When thinking about starting the carnivore diet, one of the first questions people ask is, “Where will I get my fiber?” This is based on our conception that fiber is good for us and that our bodies need to process fiber in order to function properly. We’ve all heard of a “high fiber, heart-healthy diet” or been told that “an
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Dietary Fiber became a part of the public’s nutritional consciousness in the mid-1970s, when the newly released US Dietary Guidelines recommended that a healthy diet include plenty of “foods with adequate starch and fiber.” With that advice, along with the simultaneous ostracism of animal-based saturated fats, dietary fiber secured its place as a sacred component of mainstream nutritional wisdom. Today,
Gastroesophageal reflux disorder (GERD) is a common condition for many people. In most cases, the carnivore diet seems to clear up this problem. However, some people find that the diet makes reflux worse or that nausea or other types of dyspepsia occur. For some people, fat, or perhaps meat in general, is difficult to digest. Strategies to deal with this
Transitioning from one thing to another can be difficult. It doesn’t matter where you’re starting or where you’re going. Changes in relationships, jobs, and family situations are challenging, and diet is the same. The transition period is a stressful time on your physiology, and problems can often manifest in several ways. A new diet, regardless of its composition, affects gut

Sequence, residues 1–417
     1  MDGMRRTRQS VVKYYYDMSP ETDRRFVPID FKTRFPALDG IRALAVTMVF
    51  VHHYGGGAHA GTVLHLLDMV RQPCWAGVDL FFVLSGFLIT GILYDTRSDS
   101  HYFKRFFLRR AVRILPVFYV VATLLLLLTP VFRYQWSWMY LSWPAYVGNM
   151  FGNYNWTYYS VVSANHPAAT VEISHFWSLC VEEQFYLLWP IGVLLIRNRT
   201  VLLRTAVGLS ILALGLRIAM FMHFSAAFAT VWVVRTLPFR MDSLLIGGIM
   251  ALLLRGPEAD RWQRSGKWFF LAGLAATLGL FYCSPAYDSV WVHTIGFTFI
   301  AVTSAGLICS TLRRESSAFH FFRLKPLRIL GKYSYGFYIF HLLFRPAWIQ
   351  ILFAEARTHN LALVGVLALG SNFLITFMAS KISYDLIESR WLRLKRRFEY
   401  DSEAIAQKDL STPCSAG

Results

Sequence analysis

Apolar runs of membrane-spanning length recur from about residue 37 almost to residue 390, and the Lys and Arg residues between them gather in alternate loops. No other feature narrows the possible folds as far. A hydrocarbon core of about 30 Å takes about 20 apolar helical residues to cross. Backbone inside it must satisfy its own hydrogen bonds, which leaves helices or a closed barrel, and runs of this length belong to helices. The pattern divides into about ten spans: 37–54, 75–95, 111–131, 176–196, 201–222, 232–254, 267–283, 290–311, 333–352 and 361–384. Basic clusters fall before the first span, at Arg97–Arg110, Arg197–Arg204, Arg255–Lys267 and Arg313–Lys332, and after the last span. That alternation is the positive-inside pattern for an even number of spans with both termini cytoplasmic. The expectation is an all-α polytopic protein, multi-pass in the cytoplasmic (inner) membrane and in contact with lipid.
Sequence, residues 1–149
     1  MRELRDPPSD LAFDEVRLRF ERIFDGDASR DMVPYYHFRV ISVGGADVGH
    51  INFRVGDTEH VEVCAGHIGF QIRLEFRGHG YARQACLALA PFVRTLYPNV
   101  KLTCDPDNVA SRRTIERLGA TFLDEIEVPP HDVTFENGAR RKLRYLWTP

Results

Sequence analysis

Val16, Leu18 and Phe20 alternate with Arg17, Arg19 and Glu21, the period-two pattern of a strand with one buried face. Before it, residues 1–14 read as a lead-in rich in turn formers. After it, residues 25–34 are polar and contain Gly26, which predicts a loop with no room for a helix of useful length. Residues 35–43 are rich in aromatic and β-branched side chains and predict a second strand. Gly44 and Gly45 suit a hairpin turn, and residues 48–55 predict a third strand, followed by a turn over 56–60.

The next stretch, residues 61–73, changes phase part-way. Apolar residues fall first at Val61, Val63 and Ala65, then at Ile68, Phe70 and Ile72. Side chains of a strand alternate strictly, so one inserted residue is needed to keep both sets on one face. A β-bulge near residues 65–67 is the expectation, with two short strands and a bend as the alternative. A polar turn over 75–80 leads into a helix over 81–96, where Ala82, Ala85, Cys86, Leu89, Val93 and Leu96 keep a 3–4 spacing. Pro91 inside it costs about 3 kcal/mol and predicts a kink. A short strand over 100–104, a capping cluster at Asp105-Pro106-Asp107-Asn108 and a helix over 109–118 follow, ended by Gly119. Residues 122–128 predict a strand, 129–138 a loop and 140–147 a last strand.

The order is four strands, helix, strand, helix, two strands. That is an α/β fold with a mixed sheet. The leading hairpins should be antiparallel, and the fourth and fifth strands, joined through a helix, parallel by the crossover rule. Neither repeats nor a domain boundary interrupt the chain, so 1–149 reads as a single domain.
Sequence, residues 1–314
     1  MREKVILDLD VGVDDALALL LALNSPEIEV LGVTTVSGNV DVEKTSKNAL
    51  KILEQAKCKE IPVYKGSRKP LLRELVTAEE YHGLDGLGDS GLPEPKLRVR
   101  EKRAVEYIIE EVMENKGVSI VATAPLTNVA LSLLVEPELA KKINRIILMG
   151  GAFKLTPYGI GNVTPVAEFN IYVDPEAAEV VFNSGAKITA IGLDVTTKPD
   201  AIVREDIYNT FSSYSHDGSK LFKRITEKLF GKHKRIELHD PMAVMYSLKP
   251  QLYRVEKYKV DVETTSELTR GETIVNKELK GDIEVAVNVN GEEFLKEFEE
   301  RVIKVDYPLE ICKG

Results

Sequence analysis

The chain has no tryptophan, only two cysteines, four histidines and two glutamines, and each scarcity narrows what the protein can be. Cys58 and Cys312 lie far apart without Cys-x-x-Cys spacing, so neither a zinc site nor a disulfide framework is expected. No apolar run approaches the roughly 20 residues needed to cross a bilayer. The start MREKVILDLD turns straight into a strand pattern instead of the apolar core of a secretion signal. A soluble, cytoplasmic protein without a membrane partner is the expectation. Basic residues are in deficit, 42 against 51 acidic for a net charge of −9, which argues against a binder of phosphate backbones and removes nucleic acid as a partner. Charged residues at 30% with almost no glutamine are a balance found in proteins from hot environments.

I’m sure you’ve been thinking, “What food can I eat?” Generally, if a food comes from an animal, you can eat it: beef, lamb, chicken, turkey, deer, bison, fish, shellfish, pork, caribou, whale, shark, elephant, snake, crocodile, whatever. Most people on a carnivore diet limit what they eat to the animals that are available in the same geographic region where
The top three issues I’ve observed being improved by a carnivore diet are joint pain, digestive health, and mental health. The likely reason for this is because these issues are among the most common ailments. Mental health disorders are often given a special place in the landscape of human disease, probably because of the emotional turmoil associated with them. However,
Now let’s talk about fiber. The message we’ve heard for what seems like eons is, “If you don’t eat fiber, you can’t have a healthy bowel movement.” We’ve been told that fiber is essential for a healthy gut and healthy digestion; the latest word is that it’s necessary for a healthy microbiome. There are certainly studies and theories to support